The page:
Your mind and heart play a bigger role in your conception, pregnancy, birth, and beyond than you might have imagined. In many ways, physical preparation is easier than mental. Here is how you can get the right mindset and work through those feelings of uncertainty when you prepare for pregnancy mentally and spiritually.
Learning What to Let Go as You Prepare for Pregnancy
Many of us have a hard time letting things just happen. We have our lists, our calendars, and our expectations set. When we can’t control something, it’s stressful, especially when it involves our child’s well-being.
Here’s the thing, though. You can do all the right things according to plan, and the plan…just doesn’t happen how you planned. ?♀️
Louder for those in the back:
You can’t make pregnancy, birth, postpartum, or parenting go according to strict, unmalleable plans, no matter how hard you try!
Plans that don’t always go as planned might include:
- When or how you conceive or how long it takes
- How you’ll feel
- How you “nest”
- When you go into labor
- Where you give birth
- What position you give birth in
- The sex of your child
- Your partner’s reactions or level of support
- How you’ll teach your child
You can’t plan for everything. But one thing you can definitely count on is that most things probably won’t go as planned…and that’s okay. It’s more than okay, actually.
Working with a therapist can help you learn to let go of things you can’t control.
Practicing relaxation techniques during pregnancy, allows you to trust the process, trust your body, trust your baby, and trust that you’ve done everything you could do and now it’s time to let go.
Ride the waves of labor, so to speak.
Going into your pregnancy with this mindset will save you so much anxiety and stress in the coming months and years. It’s something we all have to practice every day.
Addressing Pregnancy/Birth Trauma
If this isn’t your first pregnancy or birth experience, you may need more time to prepare mentally and spiritually, especially if you had a birth or hospital trauma.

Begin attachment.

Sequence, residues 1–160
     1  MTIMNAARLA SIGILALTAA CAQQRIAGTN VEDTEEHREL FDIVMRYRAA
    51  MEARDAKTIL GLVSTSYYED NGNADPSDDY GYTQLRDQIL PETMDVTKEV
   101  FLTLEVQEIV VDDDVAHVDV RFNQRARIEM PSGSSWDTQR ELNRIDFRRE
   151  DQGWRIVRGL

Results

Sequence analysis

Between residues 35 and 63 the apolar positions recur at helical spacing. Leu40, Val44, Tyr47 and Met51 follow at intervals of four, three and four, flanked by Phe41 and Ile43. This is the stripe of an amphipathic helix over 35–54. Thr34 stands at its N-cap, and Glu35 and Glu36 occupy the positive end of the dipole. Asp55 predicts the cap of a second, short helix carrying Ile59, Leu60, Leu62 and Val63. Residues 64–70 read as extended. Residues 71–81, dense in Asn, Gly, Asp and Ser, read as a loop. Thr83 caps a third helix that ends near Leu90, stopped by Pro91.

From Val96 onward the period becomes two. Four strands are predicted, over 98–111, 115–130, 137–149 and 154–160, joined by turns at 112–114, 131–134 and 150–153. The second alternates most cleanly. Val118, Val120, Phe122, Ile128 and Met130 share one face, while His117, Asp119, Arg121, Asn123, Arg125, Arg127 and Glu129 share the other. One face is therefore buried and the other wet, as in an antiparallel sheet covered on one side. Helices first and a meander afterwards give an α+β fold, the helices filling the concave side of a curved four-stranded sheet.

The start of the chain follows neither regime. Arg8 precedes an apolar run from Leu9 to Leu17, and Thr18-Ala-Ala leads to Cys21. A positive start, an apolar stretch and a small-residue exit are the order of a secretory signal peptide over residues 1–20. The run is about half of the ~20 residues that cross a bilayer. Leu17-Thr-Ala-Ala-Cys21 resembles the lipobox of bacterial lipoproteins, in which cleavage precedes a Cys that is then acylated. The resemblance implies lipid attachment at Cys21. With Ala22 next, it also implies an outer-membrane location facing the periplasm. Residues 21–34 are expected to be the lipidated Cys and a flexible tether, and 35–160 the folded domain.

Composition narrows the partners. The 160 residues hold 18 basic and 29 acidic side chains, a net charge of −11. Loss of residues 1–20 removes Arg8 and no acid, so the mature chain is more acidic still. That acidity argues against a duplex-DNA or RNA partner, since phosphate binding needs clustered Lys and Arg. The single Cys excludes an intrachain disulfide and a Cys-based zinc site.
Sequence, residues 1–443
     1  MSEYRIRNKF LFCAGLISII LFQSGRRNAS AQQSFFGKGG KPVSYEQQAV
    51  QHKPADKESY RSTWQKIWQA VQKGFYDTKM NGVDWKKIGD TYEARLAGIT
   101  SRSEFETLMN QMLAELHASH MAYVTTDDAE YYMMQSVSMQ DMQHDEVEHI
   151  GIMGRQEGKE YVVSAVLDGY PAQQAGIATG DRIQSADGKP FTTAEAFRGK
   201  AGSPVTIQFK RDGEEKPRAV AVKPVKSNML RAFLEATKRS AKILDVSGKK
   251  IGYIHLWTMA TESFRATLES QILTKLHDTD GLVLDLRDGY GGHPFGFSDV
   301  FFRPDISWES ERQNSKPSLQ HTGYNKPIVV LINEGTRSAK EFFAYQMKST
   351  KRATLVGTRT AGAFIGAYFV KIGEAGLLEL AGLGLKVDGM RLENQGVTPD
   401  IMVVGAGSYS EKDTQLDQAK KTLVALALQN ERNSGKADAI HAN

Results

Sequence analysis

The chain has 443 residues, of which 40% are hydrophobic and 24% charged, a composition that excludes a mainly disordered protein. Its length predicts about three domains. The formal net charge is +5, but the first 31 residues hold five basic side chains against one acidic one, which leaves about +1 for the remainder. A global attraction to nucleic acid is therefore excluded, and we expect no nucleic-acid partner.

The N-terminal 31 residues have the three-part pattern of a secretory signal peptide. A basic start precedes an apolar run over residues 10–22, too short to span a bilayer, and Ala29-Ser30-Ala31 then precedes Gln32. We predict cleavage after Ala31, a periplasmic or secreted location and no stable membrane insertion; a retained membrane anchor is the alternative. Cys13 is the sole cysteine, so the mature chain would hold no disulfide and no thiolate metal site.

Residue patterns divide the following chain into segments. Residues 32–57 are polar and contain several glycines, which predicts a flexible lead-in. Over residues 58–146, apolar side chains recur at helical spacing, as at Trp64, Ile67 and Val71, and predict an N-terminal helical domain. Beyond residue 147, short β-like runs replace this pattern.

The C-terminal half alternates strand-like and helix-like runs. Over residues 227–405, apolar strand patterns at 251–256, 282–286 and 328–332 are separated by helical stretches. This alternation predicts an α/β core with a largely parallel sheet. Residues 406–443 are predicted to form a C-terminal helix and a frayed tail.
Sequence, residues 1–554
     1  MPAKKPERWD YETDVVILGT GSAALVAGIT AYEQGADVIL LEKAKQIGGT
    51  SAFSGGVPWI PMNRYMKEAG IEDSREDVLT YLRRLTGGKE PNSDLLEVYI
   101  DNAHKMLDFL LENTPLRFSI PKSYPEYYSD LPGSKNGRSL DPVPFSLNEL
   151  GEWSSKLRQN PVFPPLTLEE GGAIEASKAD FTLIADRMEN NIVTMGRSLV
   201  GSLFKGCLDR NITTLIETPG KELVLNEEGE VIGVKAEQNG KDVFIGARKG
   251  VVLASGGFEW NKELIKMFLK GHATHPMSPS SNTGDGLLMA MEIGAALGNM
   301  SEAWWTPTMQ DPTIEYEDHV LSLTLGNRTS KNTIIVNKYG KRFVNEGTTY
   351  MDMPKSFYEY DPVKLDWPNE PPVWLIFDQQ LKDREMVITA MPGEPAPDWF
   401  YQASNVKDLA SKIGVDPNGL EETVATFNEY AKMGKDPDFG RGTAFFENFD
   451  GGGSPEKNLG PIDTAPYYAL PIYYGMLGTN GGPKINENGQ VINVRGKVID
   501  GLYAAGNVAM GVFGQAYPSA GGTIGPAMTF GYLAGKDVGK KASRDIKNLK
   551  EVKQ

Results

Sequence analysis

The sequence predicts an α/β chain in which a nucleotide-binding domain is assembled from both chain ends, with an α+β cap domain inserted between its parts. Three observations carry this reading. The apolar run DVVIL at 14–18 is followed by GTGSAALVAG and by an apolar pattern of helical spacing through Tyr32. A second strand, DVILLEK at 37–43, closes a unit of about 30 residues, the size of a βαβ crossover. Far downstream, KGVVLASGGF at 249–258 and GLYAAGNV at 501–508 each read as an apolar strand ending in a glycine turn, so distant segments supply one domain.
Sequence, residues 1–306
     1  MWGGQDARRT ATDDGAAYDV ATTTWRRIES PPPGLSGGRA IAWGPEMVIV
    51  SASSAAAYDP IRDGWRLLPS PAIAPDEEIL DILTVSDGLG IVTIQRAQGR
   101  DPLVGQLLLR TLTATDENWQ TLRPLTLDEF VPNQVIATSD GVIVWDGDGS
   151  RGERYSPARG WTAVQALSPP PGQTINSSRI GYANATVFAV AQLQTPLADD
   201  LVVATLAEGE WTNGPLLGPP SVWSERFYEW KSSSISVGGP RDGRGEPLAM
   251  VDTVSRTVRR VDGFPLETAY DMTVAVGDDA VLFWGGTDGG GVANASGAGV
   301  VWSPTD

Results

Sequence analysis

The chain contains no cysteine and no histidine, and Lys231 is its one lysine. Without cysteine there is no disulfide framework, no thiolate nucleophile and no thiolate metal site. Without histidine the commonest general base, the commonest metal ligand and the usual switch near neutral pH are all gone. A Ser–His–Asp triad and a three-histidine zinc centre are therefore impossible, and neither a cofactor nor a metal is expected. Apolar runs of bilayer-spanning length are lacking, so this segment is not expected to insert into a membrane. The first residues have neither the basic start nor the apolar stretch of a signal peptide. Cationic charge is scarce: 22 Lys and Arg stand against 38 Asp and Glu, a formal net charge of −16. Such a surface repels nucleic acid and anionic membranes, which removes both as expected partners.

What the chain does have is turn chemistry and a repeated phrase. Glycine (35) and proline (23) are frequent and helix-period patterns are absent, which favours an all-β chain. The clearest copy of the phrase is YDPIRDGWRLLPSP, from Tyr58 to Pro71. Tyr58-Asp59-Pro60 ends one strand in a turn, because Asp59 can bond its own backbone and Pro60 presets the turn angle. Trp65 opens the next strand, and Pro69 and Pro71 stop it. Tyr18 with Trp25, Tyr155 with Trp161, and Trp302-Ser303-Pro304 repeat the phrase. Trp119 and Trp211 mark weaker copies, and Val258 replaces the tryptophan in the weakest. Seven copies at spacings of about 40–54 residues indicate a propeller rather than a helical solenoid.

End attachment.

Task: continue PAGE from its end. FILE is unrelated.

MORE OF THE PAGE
Make a commitment to yourself and, together with a licensed mental health professional, work through any intense traumas or fears you may still have surrounding birth, postpartum, breastfeeding, NICU, or even motherhood trauma.
You’ll be better prepared for your current pregnancy and feel much more confident as your Birthing Day draws nearer.
Curate Your Birth Team
The biggest key is preparing mentally is building the right team. Surround yourself with people that trust your intuition and bring positive energy not just to your birthing space but to your entire pregnancy and that vulnerable postpartum recovery period.
If you’re looking for a program that covers everything from conception to pregnancy to birth and beyond, you’ll want to check out my course, The Birth of a Mother.
This course will give you the confidence you need to have a redemptive and reverent birth experience. You will learn how to embrace your journey into motherhood. And become a part of a community that supports and nurtures not just your (re)birth as a mother but deeply nourishes YOU as a human, a mama, and a woman.
Prepare for Pregnancy by Preparing for Motherhood
You can’t control everything on your journey to motherhood, but you can take practical steps to support your body and mind before, during, and after birth.
You can learn more about The Birth of a Mother here.
Blog summary: How to Prepare for Pregnancy
I summarized all the best parts of this blog post in a printer-friendly format so you can DOWNLOAD IT FOR FREE in my free pregnancy resource library. Print it and hang it on your fridge (and think of my voice saying “HEY YOU DRINK SOME WATER” every time you walk by. You’re welcome!)
Or check out my IG live replay from 1/5/2023 that I saved just for you!
Birth Professionals: How do you prepare your clients for pregnancy?
If you find yourself often repeating all the information I put together in this blog post, now you can order my Preparing for Pregnancy Client hand-outs customized with your brand, font, colors and logo and professionally printed on double-sided matte touch postcards for easy reference. Customize your very own Preparing Clients for Pregnancy for Midwives, Doulas, Childbirth Educators and other birth and baby professionals.